“Johnson gave this two-fisted Romantic blockbuster (Rachmaninoff’s Piano Sonata No. 2) a sharply etched, strongly attacked performance that brought out its surge and passion. And after the minor key melancholy of the first two movements, Johnson unleashed the riotous coloration and surging sense of victory over adversity in the finale with blazing technique and an exciting rhythmic fillip at

the end.”

— Herman Trotter, THE BUFFALO NEWS 

 

     “To hear Christopher Johnson perform (Tchaikovsky's Piano Concerto No.1), on the cusp of a great career, is to believe. Possessing a Van Cliburn intensity, he deserves to have the career of a true musical star.” 

— David Palladino, THE WESTFIELD LEADER (New Jersey)

 

     “Johnson has everything to make a big career: musicality, technique to squander, a touch capable of the merest whisper or a thunderous sound and stage presence. With these indisputable gifts, he should shortly be following in the footsteps of Murray Perahia or Krystian Zimmerman.”  

— Robert H. Newall, THE ELLSWORTH AMERICAN (Maine’s Largest Weekly Newspaper)

 

     “an utterly convincing and technically astounding performance of Prokofiev’s Seventh Sonata. I have rarely heard any pianist (except perhaps Toradze's phenomenal recording) play this unforgiving piece with the clarity and coherence with which Mr. Johnson explicated its knottiest problems.” 

— Patrick Meanor, THE LISTENER MAGAZINE

 

On Rachmaninoff’s Piano Concerto No. 2 in C Minor:

    “From the opening bars, it became apparent that this was to be a highly unorthodox interpretation, the soloist laying bare inner voices and countermelodies in a revelatory manner. One could appreciate the amount of thought, analysis, and practice that Johnson invested in reimagining the concerto so thoroughly. The Sinfonietta relished the opportunity to dig in and deliver sensuous sonorities rivaling the Philadelphia Orchestra. Johnson’s technical accuracy was irreproachable; his rip-roaring coda to the finale was electrifying.
— Michael Sherwin, EPOCH TIMES (New York City)

 

On Grieg’s Piano Concerto in A Minor:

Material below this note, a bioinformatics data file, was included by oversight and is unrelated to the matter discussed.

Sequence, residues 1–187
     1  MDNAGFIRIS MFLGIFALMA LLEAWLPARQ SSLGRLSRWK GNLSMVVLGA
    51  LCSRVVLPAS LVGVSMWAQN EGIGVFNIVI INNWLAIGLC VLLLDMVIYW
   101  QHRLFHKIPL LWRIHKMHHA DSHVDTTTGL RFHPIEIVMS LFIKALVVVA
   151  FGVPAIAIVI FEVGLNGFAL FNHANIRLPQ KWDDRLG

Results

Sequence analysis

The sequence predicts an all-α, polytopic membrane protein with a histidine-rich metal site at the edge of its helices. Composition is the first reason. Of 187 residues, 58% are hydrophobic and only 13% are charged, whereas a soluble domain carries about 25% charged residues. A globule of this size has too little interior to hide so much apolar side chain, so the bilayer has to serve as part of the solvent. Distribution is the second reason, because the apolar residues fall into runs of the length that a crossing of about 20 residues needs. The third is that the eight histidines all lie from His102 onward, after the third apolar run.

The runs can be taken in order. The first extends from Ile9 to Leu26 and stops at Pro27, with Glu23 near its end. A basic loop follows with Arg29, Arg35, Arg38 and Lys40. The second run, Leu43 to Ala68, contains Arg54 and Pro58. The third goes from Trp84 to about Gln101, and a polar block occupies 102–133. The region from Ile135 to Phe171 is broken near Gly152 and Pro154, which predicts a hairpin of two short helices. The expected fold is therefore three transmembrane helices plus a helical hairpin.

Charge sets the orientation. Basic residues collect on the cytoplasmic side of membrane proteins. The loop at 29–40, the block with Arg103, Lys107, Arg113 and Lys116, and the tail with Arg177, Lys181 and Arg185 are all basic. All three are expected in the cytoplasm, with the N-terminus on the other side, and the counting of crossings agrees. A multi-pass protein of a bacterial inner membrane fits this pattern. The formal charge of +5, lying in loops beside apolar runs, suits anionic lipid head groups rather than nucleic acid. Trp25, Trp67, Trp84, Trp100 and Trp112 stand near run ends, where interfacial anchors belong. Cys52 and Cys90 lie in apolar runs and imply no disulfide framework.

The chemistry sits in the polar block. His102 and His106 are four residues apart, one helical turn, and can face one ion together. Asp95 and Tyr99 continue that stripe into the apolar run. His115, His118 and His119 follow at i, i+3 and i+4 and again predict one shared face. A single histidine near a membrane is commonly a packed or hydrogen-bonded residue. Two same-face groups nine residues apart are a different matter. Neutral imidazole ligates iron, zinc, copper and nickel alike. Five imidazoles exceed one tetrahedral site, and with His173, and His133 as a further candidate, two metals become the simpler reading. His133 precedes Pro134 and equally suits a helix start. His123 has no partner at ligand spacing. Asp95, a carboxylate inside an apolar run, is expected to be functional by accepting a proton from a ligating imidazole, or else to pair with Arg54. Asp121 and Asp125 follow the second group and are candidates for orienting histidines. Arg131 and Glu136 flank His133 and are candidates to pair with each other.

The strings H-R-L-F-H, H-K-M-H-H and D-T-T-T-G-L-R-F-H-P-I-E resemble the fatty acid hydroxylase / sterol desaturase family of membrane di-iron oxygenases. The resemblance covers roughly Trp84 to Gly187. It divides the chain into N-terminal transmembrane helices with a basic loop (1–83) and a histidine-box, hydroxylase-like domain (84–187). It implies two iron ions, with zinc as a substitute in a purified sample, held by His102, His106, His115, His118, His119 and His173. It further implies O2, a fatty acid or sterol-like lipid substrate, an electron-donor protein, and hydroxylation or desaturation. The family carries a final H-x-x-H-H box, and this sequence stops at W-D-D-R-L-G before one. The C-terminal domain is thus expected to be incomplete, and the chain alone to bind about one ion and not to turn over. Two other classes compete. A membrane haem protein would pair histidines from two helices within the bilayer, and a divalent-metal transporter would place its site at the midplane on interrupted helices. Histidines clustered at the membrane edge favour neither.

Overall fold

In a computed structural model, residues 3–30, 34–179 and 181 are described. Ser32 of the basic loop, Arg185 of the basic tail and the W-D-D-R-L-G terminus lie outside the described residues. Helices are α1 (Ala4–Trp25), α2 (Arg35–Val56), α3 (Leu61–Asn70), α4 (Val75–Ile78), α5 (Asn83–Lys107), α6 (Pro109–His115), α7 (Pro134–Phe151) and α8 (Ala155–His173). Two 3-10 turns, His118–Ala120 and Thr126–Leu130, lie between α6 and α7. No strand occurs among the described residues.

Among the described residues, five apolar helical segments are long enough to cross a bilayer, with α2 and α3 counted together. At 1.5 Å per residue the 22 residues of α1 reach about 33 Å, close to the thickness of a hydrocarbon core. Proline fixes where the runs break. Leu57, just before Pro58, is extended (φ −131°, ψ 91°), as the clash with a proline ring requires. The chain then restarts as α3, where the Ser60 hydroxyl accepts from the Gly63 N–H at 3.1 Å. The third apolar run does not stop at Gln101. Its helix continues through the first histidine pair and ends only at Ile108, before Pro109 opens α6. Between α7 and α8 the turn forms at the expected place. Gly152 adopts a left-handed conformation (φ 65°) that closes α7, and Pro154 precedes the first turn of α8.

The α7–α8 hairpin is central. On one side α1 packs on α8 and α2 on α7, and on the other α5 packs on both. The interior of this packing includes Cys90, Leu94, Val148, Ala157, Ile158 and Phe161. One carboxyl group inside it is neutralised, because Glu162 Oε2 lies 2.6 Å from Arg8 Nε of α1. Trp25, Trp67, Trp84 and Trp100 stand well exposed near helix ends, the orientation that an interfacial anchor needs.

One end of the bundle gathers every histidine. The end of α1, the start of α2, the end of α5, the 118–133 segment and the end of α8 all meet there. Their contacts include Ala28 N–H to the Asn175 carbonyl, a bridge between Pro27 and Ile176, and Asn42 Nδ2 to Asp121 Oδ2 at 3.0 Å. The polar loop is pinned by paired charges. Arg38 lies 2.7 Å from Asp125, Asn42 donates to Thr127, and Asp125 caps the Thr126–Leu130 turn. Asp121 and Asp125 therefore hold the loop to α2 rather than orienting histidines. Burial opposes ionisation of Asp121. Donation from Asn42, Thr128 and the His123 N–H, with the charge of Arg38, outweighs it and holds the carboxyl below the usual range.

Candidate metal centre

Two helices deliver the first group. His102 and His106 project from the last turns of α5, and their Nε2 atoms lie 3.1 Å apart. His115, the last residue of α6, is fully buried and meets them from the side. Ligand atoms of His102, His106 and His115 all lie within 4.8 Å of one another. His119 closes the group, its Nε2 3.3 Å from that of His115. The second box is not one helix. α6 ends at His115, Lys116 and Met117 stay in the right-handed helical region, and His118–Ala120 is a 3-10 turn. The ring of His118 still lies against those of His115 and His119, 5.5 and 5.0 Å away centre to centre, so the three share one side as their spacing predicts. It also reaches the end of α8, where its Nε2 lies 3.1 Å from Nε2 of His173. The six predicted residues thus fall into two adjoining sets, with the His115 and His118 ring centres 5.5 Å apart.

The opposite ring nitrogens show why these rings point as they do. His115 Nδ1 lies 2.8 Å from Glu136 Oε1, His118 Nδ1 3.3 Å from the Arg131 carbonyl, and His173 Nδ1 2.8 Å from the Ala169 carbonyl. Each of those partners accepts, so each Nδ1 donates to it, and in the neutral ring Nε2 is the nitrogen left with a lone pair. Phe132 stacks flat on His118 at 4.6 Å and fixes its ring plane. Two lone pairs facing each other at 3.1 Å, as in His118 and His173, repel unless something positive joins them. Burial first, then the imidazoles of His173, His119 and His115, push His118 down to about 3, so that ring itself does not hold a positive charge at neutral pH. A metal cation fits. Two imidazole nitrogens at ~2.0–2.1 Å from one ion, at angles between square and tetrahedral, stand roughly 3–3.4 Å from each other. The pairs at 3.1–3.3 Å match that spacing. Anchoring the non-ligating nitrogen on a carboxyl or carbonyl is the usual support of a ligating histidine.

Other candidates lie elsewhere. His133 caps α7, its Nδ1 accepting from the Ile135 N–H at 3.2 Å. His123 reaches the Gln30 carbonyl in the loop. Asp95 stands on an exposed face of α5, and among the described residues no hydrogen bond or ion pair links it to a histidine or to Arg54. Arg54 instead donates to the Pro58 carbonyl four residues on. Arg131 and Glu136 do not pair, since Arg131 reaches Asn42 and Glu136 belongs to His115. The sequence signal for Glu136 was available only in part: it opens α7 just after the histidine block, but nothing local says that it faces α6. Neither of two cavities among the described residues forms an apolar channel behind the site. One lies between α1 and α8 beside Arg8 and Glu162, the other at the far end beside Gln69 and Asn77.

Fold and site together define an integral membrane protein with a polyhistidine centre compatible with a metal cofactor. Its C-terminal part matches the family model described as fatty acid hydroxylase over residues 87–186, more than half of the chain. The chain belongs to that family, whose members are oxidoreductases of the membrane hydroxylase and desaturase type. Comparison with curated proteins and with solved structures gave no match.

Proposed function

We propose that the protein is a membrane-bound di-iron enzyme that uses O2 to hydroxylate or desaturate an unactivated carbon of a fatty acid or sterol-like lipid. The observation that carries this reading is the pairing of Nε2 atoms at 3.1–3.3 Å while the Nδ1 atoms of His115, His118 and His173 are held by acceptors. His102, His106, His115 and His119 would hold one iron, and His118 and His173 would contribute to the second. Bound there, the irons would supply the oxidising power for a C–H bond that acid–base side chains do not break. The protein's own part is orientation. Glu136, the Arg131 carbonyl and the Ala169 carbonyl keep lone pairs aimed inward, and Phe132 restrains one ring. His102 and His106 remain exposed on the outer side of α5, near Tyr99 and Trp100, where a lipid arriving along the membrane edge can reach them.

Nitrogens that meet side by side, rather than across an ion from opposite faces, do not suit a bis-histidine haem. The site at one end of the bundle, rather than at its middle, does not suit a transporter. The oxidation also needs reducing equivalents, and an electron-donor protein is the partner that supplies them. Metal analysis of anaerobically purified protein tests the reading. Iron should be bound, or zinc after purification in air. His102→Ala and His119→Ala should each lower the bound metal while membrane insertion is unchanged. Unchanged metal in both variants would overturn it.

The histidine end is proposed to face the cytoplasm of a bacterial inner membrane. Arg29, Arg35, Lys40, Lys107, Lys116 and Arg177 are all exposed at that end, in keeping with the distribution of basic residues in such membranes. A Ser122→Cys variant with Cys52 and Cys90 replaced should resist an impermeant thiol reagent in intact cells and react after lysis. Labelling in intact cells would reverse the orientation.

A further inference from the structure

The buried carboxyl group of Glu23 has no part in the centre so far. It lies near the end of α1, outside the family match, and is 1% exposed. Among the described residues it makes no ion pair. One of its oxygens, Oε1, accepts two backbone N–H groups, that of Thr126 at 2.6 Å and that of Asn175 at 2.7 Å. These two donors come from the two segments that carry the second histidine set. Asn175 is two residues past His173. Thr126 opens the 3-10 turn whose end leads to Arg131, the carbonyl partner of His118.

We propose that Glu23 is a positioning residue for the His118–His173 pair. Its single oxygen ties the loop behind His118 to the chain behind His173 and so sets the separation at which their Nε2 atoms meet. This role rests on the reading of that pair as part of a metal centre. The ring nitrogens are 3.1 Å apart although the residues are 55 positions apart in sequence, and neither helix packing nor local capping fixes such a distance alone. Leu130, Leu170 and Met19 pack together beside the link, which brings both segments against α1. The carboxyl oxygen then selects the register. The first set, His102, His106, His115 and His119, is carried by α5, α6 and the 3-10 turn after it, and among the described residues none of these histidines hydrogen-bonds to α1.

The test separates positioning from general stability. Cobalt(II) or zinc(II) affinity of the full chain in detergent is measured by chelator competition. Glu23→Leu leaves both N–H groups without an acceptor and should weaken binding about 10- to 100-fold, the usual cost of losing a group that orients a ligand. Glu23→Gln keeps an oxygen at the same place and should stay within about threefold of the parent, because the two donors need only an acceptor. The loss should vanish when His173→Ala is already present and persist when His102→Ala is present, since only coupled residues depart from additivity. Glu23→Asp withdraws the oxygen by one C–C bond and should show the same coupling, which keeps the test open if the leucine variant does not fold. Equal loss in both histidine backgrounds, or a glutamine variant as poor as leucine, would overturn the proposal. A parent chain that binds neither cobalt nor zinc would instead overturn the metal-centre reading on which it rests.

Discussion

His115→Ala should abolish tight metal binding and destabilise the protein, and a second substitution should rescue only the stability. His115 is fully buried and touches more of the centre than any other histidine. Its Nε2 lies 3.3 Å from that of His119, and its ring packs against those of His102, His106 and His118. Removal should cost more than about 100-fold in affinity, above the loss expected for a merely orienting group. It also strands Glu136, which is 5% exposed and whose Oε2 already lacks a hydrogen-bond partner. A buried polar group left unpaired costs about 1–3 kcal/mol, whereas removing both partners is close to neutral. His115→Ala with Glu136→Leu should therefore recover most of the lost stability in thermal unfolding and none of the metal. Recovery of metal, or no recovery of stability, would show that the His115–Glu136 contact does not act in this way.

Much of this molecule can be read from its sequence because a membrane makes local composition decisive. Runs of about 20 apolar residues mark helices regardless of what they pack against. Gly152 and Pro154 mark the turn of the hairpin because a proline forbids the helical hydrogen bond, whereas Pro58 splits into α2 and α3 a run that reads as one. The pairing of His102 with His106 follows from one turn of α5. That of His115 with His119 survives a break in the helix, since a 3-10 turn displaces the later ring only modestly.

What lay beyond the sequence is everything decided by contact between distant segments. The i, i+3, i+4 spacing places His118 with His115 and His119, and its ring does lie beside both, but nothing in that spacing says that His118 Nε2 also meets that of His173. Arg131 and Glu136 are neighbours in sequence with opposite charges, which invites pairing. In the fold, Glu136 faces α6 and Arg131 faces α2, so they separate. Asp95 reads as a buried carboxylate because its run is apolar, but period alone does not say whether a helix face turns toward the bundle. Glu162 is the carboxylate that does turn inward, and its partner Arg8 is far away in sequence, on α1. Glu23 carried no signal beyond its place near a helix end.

“I had never heard Christopher Johnson before, but he is exciting to watch. Head thrown back, arms raised in triumph, 
he makes Lang Lang resemble a stone! He made the Grieg sing, has a terrific technique, and, along with conductor Hong, obviously enjoyed the opportunity of giving unalloyed joy in the church.”

— Harry Rolnick, CONCERTONET (New York)
 

     “It took nothing more to merit all these superlatives than his handling of Beethoven’s “Waldstein Sonata.” His supple fingers easily grasped the segments with filigree over a stern bass. His passagework and hand-over-hand manipulations immaculate, he observed keenly the architecture of this demanding piece and performed it with affection, underscoring the delicate sections as well as the volcanic outbursts. Frankly, though I treasure the recording of Maurizio Pollini, I certainly could not rate his interpretation above Johnson’s

— Robert H. Newall, THE ELLSWORTH AMERICAN (Maine’s Largest Weekly Newspaper)

 

     “The (Barber) Sonata for Piano was commissioned by pianist Vladimir Horowitz, who wanted something by an American composer to display his own virtuosity. It was a perfect vehicle for Horowitz’s emotional style of playing, and on Saturday night, Johnson proved that it was no less suited to his athletic, intensely physical style. Johnson’s interpretation communicated its emotional complexity with devastating immediacy.”
— Anthony F. Hall, THE LAKE GEORGE MIRROR

 

     “He has a brilliant technique, a lack of mannerisms, and an approach to the instrument that demonstrates ease and professionalism. The F-Major Nocturne of Chopin provided proof of artistry in addition to technique. The voicing of the inner lines in addition to the top note melody was the subtle topping, which lifts Johnson’s pianism above and beyond the mere competence expected from a student of the great pianists Abbey Simon and Byron Janis.
— Doris La Mar, CLASSICAL NEW JERSEY

 

     “Johnson showed a wide range of tone and dynamics, often contrasting booming low notes with dappled right-hand pianissimos. He also showed a fine hand at syncopation, and his approach to the (Brahms) Sonata Opus 1, No.1 brought this out unequivocally. A Gershwin encore also showed his sure touch with subtle rhythms.”
— Peter Spencer, THE STAR LEDGER (New Jersey’s Largest Newspaper)

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